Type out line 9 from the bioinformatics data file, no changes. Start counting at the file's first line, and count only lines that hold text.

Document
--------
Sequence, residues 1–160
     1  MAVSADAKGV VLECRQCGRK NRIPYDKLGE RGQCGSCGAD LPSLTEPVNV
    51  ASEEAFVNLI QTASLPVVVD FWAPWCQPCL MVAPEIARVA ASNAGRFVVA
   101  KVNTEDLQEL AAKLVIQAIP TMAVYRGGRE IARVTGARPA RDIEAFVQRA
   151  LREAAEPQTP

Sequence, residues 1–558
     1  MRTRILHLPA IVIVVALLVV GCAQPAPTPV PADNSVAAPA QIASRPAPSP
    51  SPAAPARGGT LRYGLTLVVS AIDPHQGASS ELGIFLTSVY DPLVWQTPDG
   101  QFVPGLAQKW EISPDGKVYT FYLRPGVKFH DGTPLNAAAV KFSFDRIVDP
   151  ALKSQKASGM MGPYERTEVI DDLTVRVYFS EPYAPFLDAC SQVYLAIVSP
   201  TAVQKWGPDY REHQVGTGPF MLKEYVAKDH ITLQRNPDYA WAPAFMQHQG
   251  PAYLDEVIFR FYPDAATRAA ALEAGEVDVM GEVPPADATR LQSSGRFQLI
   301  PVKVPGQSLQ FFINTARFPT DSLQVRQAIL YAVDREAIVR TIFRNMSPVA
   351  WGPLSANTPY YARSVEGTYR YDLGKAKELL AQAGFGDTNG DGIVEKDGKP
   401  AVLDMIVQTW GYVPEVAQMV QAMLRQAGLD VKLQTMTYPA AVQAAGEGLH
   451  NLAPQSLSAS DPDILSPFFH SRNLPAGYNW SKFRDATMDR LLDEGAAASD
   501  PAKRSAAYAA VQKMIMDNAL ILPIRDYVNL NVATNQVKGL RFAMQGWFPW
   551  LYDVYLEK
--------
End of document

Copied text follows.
   101  QFVPGLAQKW EISPDGKVYT FYLRPGVKFH DGTPLNAAAV KFSFDRIVDP